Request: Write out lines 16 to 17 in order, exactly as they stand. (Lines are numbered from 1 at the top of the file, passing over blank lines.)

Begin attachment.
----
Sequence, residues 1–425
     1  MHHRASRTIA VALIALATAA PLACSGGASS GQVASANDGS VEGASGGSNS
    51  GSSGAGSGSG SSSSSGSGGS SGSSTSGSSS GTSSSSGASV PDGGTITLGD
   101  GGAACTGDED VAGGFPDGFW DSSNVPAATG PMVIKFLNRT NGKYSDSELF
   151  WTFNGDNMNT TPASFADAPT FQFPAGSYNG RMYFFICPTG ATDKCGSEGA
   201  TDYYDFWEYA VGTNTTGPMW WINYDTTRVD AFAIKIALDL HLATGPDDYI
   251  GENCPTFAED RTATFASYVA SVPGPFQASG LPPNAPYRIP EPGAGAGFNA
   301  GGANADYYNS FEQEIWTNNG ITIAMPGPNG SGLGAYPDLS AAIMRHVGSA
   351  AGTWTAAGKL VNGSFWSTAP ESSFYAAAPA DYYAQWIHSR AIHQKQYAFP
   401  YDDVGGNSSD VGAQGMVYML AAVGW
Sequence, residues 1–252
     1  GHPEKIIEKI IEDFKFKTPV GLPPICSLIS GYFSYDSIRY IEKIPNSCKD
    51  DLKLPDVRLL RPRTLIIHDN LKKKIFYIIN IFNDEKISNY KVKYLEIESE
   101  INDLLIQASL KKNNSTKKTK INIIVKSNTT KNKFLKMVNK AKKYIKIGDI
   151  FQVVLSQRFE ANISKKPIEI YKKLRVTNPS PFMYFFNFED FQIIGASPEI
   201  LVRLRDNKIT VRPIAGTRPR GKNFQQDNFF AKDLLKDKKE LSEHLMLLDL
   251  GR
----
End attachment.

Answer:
   201  LVRLRDNKIT VRPIAGTRPR GKNFQQDNFF AKDLLKDKKE LSEHLMLLDL
   251  GR